воскресенье, 28 октября 2012 г.

Park Avenue

The classiest street in New York City, Park Avenue has always been associated with the "rich and famous".
History of the Street
Park Avenue, Manhattan, New York City
Once upon a time in the mid 1800s, Park Avenue bore a different name - Fourth Avenue - and it carried the tracks of the New York and Harlem Railroad. As development in New York City progressed, some train tracks were sunk and portions of the boulevard were renamed Park Avenue due to the green, park-like areas present in the vicinity.

The building of Grand Central Terminal in 1927 allowed for auto traffic to proceed down the street without hassle and more of this wide expanse was open to traffic and became known as Park Avenue. By 1956, all of Fourth Avenue from 17th Street to the remainder of its distance became known as Park Avenue.
What You'll Find There
Park Avenue isn't really an 
Park Avenue, New York
attraction but it is notable in that it is home to some of the most expensive real estate in the United States. It's not unusual to find that some of the CEOs of New York's largest companies live here as well. John D. Rockefeller Jr. long resided on Park Ave. as did such famous figures as composer/conductor Leonard Bernstein and James Cash Penney of J.C. Penney fame.

In addition, many Fortune 500 corporations are situated along Park Avenue, including MetLife (formerly the PanAm Building), Bloomberg, JP Morgan, Deutsche Bank, Citigroup, Alcoa, Mutual of America, Colgate-Palmolive, and many others.

Park Avenue is also one of the most attractive boulevards in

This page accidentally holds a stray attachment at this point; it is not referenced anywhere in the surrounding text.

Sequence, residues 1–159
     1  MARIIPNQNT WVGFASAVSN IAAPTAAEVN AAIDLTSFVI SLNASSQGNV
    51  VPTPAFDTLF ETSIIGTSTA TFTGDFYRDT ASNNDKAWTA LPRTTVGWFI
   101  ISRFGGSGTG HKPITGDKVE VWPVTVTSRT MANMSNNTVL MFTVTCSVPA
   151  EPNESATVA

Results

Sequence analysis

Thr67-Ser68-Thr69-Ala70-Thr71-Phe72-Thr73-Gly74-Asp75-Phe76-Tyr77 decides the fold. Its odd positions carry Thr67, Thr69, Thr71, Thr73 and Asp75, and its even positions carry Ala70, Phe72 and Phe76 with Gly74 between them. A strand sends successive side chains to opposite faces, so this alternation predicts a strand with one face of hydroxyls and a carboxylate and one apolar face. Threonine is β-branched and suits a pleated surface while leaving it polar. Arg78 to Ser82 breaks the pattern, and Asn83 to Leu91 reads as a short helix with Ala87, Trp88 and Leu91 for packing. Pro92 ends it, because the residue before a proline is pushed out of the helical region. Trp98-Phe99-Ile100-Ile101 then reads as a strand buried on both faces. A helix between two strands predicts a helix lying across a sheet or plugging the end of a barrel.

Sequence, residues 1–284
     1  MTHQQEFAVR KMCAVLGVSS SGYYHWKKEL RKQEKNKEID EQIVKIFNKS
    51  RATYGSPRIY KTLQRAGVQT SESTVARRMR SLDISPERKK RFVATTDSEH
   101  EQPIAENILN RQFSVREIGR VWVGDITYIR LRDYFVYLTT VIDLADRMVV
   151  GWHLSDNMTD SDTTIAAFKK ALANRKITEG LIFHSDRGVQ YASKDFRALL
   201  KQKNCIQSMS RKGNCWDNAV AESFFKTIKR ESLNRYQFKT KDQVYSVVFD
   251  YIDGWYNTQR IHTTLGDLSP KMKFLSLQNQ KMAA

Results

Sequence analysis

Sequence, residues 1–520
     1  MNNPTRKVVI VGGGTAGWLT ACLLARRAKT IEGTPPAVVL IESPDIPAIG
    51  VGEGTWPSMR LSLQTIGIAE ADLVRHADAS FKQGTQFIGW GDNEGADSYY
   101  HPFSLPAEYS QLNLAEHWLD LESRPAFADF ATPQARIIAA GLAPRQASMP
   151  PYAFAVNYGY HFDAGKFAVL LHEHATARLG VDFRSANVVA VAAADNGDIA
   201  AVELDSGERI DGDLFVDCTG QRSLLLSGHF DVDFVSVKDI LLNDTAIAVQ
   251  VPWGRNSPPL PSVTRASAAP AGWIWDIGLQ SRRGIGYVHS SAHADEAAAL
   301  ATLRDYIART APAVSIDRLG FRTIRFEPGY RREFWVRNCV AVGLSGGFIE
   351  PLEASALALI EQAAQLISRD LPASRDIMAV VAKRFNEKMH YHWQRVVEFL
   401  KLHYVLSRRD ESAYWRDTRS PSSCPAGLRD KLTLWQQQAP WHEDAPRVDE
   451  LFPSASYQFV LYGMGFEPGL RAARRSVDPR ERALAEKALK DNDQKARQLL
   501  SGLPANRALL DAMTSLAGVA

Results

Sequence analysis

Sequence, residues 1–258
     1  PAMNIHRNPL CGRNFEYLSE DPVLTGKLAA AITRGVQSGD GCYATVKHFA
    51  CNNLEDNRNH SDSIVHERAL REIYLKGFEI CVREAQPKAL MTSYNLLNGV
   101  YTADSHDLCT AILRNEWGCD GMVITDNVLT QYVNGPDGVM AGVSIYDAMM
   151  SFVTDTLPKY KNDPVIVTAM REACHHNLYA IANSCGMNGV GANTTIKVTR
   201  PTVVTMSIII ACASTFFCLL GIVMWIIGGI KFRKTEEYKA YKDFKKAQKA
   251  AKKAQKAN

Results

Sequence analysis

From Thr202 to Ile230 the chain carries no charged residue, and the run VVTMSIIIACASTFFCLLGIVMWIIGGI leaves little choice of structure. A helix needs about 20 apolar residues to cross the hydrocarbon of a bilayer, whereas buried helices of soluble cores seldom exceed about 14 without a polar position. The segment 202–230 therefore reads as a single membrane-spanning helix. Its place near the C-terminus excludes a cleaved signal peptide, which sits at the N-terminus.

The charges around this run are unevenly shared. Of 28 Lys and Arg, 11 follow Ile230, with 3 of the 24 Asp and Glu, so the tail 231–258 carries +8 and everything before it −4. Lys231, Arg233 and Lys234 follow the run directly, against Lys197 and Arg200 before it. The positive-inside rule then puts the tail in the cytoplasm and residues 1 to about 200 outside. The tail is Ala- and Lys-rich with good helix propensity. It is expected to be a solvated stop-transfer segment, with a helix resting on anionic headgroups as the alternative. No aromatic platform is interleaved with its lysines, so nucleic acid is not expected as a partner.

Park Avenue, New York
Manhattan thanks to a group that organized and supports the Fund for Park Avenue. This organization maintains myriad flower boxes along the median that separates the traffic running north and south. In the warmer months, begonias are often in bloom and other flowers take their place in the colder winter weather.

Of particular interest architecturally is the 
Waldorf Astoria at Park Avenue in New York City
Seventh Regiment Armory, located between 66th and 67th Streets on Park. Medieval Gothic in design, the building is also well known for its ornate interior, which was designed by men like Louis Comfort Tiffany and Stanford White.

Also look for the landmark Ritz Tower around 57th Street and the Helmsley Building (formerly the New York Central Railroad headquarters) at 47th Street. There are many other notable buildings as well that can be appreciated via a slow stroll down the street including the Waldorf=Astoria Hotel, St. Bartholomew's Church, the Seagram Building and Lever House.


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